There have been several anecdotal and chronological reviews so far - here is my attempt at "something completely different". Les (Pat is on a different shore excursion....) The ABC of Xpedition (NOT in traditional order): A is for altitude of Quito - while we took it easy walking (and drinking alcohol) and had no ill effects, some other passengers struggled with breathing (and other symptoms) on steps, at night, and after drinking. A is for Alejandra - a wonderful Celebrity guide in Quito who has many skills including wit, good humour and stopping taxis with her smile. A is for Albatrosses - they danced, they clacked beaks on cue as promised. B is for bird-life - no red-footed booby or vermilion fly-catcher spotted on our shore excursions, but - the rest flew, nested, mated or hopped near us and we have photos to prove it. B is for bridge on Expedition - a must visit - modern technology and old-fashioned friendly officers who answered all of my dumb questions with a smile. B is for boobies - what else can we add? - blue-footed and Nazca in every imaginable pose - and so unafraid. C is for Christian - the Xpedition Maitre d' - he walks the talk and the staff responds with excellence in every way. C is for Carlos - another Celebrity guide par excellence in Quito - may you be on his bus. C is for Celebrity - the reputed touch of class we have experienced on other ships in the fleet is present on this expedition in all (but one? - see T) aspects from arrival in Quito to departure ten days later. D is for Diego - attentive bar steward who tolerated our attempts at Spanish and always brought the right "vino" with a smile. D is for Darwin Research Institute - a most informative place to visit (though showing its age?). I would have liked more "free" time here to explore more slowly. Sorry to hear some concerns expressed about the uncertain future of this establishment and the Galapagos Islands. D is for dolphins - as predicted in the Xpedition Today, they came, and they played with our ship and entertained us. O is for the opportunity to choose different levels of excursion each day - this really worked will for us all week.. O is for the oyster catchers that have stopped migrating and now live in Galapagos year round. O is for outdoor dining, and the scheduler who seemed to know which nights would be suitable for dining under the stars - clever! F is for Freddie - a naturalist with a flair for sharing his wide knowledge - patient to a fault with answering the "what is that" question (which he had sometimes given just minutes ago). F is for Fausto - a friendly Captain who loves his work. F is for frigate birds - so beautiful in flight - so dangerous - so brilliant when a male is puffed up to impress the female. F is for Fabio - a naturalist who is well spoken, and has a genuine concern for the future of the Galapagos (albeit a pessimistic one?). H is for healthy ship - no reports that I was aware of in terms of gastric problems... a few coughs by day 6 and some sore throats reported by Quito on day 9. H is for hand-painted skirts - worn by the folkloric ladies on the Xpedition on the last night (a summary of wild-life seen during the week before) H is for High Intensity - not to be avoided as a choice of shore excursion if you are in reasonable shape and have good footwear. Some of the best views and best bird life were seen on this level ("high" refers more to length of time and steepness of climbs than to length travelled). K is for Katherine and her last night rendition of "Galapagos: and the living is easy". K is for knife - that specialty one by the cheeseboard made sampling the variety of cheeses so simple. K is for keyboard - Jacobo was always there to play for us (and on pan flute too) V is for Venice Island with its flamingos reflected in the brackish pond. V is for VAT - it is 12% in Ecuador! L is for lava - such shapes, colours, textures (and lava cactus and lava lizards) L is for Louis - a waiter who "reserved" a table for our changing dinner groupings. E is for espresso - ordered first Sunday after lunch in the Dining Room. It then came after every lunch without my ordering it - no matter which waiter served our table - how do they do that? E is for Ecuadorian staff and crew - well trained, efficient, hard-working, and always smiling when greeting passengers. E is for endemic species - the local naturalists were proud and keen to point them out and describe the peculiar features of the sightings. G is for Galapagos - a destination of a lifetime for those who know what is in store. G is for Guayaquil - our unexpected destination the first (short) night. Quito airport was closed as we approached from Houston and we were diverted - but Celebrity reps met us, had us through Immigration and on a bus to the Hilton efficiently. Given that we took off to Quito the next morning, we had a total of three landings and three take-offs here in the seaside city. N is for Nacho - a well versed naturalist who led our five member band on the "survival of the fittest" hike - we will stay in his Puerto Ayora hotel if we return to the islands. N is for new friends - there were so many open, sociable, stimulating guests on board who went quickly past the ubiquitous "where are you folks from?" stage to serious discussion of topics and issues. P is for Pedro - we quickly nicknamed him Pedro - King of barmen. Was there a time in the Beagle Grill or Discovery Room Lounge when he was not there smiling and serving? P is for penguins - they posed, swam, and fished so close to us - so tiny! P is for Puerto Ayora - shops, DRI, Highlands and more - glad we visited twice. P is for Post Office on Floreana where we witnessed the human equivalent of a feeding frenzy (we have one card to deliver close to home). I is for iguanas - they are everywhere and sometimes hard to spot (that is not a handrail, Clive) - do they think we are as ugly as we think they are? I is for Isabela with her five volcanoes - some of the best views from the top of the stairs here. I is for Imodium - a word not heard once during the whole time on board. Q is for Quito - some incredible Old Town structures (modernized inside but not out) - but litter and smog detract from its beauty. Q is for questions - passengers asked probing and productive ones of naturalists and thereby added to our learning experience (but there were also "dumb" ones from the non-listeners and this grated by week's end). Y is for yawns - seen often at early morning (e.g. 5.15am in Quito on the last morning) and every evening during dinner after two or three excursions each day. This is not a late night party ship. Y is for yo quiero - 2 of the 22 Spanish words we used on board when ordering - resulted in lots of smiles in the bar and dining room from the appreciative Ecuador staff (or were they laughing at me?) R is for Raoul – Executive chef who works miracles with the local produce in a small galley. The Ecuador buffet lunch, the fish dishes (such sauces!) and the desserts were outstanding (and those jellies eh Michele?) R is for routines – e.g. back aboard in the afternoon – off with life jacket – receive a refreshing cold towel – use the anti-bacterial soap provided – up a deck for a different fruit juice from Diego each day – Jacobo on keyboards to pipe you to you cabin (some added a cerveza from Pedro en route) – shower! S is for Suarez Point on Espanola – how can such an uninteresting looking island (from the sea) have everything in such close quarters – the visit of the week! S is for sea lions – all ages, all sizes and so close – and smells…… S is for stateroom attendants – rarely seen but took extra special care of our cabin the belongings we forgot to put away in the rush to go ashore again. S is for South American wines served – generally very good quality though restricted in grape variety. S is for soups – enjoyed every hot soup at lunch and cold (fruit based) ones at dinner. U is for “unbelieve it” – naturalist Nacho’s favourite word to special sights and experiences. U is for unprepared – there were some passengers who did not expect to work so hard at this “vacation” – their lack of interest in the experience became a distraction hard to ignore. T is for turtles and tortoises – sleeping, hissing, walking, mating – small to Antony sized. T is for TV set in the cabin – with a front input for the cable from my camera we were able to enjoy a quick look at daily pictures – made culling easy to free up memory. T is for Theatro Sucre – dinner here on the last night in Quito was a very “unCelebrity” event in our opinion (ex-restaurant reviewers and current opera subscribers) – cool food, un-professional and erratic service, not a wine-bar as advertised, wines substituted without asking, prices on list and bill differ (guess which way), and a singer who could not stop from going flat. Décor and tuxes alone do not magically turn a one star restaurant into a four star place. W is for welcome at Guest Relations – at any time of day they provided top-notch Celebrity service. W is for wave action – we were pleasantly surprised at how smooth the seas were (took off our preventative measures after two days). Some passengers reportedly were not so lucky. W is for wine list – the premium one has some strange listings (Mario explained why). W is for weeks – it will take several weeks to digest the experiences, sort photos and souvenirs, and to recover from the pace of activity. Z is for zodiac rides – the pipeline from ship to shore - sometimes wet, always safe – loading and landing from that rear deck is so efficient and practical. J is for Jaime – the “teasing” naturalist who kept my wife and I smiling when on Zodiac or on shore. J is for Jaime – the waiter for our first dinner – called me by my first name every day from then on whether I sat at his section or not (and my wife Madam Patty too). J is for Jason – what a class act – humour, knowledge, patience, initiative, energy – a real leader of expeditions! M is for Mario – as Hotel Director he claims to be having a holiday working on Xpedition – don’t believe it. He looks calm and unruffled but he is paddling like crazy underneath to make sure everything in his department works for passengers – and the results are extra special. M is for Marriott – very enjoyable Quito home – worthy of the Celebrity choice and confidence. X is for Xpedition – a classy lady – glad we met! She looks so elegant as you approach by Zodiac, and her performance and design makes exploring the Galapagos so much easier. Read Less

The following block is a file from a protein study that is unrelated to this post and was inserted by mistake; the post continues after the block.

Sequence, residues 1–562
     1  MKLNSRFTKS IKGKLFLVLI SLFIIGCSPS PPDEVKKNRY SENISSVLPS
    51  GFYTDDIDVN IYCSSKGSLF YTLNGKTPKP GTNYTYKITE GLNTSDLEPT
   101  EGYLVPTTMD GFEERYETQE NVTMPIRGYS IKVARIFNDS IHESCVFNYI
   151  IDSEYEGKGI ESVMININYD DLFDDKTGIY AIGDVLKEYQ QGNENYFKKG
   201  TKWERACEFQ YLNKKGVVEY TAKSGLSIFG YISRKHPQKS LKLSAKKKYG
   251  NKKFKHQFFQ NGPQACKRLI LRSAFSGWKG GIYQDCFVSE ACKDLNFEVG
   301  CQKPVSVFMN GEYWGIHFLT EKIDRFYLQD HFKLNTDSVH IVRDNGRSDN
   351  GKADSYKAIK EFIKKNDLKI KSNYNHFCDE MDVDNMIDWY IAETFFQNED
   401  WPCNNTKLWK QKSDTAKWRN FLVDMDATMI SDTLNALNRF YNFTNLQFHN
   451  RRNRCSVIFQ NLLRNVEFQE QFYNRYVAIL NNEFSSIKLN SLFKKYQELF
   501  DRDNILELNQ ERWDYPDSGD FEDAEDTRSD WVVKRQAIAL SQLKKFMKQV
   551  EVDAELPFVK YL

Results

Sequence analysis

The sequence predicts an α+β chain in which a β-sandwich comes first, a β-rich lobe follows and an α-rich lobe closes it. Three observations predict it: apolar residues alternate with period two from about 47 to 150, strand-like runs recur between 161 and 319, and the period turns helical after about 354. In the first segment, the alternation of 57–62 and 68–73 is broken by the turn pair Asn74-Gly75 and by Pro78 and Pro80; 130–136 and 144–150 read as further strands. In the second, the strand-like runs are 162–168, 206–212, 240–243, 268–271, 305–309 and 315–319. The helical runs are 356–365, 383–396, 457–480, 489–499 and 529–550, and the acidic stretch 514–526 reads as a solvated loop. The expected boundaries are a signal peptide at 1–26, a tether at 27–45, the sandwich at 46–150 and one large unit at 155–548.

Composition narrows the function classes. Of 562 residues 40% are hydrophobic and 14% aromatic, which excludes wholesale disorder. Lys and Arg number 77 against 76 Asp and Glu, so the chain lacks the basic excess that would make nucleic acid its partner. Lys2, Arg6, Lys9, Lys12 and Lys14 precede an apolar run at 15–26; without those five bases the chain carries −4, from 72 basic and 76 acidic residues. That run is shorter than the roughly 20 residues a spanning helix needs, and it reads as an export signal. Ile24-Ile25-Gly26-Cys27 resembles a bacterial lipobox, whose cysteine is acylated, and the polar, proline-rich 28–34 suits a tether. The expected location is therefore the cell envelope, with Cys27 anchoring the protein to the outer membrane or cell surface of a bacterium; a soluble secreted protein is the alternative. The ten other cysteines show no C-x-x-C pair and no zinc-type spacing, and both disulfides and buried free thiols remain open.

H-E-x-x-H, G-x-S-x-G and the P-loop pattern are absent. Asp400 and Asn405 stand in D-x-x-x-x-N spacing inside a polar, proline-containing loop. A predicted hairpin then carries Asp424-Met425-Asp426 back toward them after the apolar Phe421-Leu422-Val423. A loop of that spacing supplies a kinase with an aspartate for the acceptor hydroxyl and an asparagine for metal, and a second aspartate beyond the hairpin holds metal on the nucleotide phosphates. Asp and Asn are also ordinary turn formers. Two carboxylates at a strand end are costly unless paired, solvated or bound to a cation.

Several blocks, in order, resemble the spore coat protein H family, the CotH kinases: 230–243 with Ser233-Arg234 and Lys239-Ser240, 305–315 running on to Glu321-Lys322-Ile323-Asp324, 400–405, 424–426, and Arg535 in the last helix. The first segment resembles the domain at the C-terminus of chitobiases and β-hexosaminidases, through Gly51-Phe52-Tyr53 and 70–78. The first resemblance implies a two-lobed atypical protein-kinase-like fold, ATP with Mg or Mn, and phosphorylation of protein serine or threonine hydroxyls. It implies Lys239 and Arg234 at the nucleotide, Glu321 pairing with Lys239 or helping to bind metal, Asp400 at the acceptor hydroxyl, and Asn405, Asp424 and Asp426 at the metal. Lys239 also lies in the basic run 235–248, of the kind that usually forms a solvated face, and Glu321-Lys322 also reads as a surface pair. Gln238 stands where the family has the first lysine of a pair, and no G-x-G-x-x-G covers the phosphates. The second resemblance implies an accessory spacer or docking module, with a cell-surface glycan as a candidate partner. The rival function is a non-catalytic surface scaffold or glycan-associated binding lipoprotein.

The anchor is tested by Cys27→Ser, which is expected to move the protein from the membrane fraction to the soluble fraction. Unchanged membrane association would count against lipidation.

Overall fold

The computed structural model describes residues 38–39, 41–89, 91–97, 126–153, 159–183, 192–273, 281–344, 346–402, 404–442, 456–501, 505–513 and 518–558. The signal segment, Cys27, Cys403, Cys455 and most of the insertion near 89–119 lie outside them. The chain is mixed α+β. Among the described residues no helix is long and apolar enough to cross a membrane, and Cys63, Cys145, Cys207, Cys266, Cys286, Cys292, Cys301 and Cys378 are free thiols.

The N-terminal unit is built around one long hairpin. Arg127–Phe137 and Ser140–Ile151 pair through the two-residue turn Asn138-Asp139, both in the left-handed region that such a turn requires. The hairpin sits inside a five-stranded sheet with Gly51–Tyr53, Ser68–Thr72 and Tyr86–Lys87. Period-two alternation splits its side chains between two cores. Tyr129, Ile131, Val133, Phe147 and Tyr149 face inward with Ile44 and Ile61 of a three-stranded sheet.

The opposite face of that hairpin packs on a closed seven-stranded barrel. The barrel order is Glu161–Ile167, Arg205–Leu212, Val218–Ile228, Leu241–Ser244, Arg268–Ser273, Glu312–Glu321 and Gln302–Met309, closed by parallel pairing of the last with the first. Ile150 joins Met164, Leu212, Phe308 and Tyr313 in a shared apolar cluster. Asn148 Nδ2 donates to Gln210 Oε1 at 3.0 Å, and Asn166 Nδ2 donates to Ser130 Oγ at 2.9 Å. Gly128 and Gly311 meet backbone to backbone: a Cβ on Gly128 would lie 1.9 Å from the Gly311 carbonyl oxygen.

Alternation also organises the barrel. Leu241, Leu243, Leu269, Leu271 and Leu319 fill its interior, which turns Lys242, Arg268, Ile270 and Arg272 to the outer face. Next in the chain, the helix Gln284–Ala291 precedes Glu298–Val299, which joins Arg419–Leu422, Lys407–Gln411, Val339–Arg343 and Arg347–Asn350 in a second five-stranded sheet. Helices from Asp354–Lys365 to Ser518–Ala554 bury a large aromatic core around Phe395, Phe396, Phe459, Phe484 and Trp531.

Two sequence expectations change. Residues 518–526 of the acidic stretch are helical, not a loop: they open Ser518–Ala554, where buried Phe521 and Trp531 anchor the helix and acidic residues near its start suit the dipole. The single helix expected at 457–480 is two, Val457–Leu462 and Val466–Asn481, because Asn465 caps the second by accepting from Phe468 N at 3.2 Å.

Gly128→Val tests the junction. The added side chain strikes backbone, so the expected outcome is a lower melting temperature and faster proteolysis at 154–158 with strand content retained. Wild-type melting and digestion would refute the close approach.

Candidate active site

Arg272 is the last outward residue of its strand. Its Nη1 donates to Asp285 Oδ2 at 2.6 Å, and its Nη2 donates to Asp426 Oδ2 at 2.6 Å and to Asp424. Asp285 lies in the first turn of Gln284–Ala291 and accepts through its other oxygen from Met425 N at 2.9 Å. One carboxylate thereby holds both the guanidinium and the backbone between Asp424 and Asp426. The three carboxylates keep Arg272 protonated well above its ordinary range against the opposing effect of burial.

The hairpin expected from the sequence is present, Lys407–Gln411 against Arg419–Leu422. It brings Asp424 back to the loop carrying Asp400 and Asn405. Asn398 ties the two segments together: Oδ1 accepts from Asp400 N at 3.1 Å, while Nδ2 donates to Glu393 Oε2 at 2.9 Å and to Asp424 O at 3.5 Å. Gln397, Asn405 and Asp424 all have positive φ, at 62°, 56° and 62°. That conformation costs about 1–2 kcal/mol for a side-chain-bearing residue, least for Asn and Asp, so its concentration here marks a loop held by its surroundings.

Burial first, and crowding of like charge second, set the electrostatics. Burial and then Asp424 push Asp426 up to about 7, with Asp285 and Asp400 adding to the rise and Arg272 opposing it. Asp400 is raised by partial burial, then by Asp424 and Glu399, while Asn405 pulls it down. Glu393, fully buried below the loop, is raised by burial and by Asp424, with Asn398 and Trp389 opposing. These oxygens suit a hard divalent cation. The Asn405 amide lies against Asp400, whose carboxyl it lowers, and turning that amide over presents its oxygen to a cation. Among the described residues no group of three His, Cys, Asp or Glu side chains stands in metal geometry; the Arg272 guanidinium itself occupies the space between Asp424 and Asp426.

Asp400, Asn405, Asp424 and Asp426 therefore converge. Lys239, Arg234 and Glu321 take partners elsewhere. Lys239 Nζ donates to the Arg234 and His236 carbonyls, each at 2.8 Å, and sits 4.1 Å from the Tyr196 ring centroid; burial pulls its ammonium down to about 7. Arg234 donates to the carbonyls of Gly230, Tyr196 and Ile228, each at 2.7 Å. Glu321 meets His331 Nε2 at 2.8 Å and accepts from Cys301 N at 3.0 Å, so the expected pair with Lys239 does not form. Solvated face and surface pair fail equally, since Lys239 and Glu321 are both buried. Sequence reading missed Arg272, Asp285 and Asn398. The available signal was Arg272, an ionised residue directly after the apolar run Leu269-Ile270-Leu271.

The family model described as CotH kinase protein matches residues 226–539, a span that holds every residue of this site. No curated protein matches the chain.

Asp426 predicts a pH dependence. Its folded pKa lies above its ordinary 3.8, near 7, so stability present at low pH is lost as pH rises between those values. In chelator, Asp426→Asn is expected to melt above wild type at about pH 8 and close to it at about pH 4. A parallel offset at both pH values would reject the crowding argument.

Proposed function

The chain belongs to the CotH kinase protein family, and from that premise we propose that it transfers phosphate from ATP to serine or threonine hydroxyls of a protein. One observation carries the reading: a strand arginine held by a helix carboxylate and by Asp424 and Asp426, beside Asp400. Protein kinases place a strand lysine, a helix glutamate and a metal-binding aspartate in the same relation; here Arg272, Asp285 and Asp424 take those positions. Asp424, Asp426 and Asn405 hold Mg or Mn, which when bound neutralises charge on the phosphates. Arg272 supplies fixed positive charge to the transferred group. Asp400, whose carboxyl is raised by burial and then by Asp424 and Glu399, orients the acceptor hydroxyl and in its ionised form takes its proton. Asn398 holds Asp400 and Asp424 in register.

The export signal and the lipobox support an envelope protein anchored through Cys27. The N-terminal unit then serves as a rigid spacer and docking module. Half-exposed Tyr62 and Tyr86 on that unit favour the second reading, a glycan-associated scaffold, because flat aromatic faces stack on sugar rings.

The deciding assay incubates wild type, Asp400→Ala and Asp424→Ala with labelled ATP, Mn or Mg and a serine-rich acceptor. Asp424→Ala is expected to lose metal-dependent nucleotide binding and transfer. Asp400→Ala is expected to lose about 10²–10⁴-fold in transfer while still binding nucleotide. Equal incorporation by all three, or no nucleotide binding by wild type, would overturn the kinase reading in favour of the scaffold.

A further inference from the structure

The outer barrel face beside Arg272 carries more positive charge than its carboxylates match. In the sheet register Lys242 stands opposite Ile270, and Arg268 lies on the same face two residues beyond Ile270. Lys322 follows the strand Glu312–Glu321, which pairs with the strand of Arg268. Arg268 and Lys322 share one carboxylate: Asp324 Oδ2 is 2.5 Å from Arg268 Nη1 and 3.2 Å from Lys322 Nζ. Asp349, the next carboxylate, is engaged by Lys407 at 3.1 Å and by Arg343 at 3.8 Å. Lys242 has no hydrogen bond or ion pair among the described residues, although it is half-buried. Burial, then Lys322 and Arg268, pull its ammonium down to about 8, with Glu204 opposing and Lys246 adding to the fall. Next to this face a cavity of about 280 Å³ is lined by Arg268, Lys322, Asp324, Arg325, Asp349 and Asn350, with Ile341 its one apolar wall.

Sail Date November 2005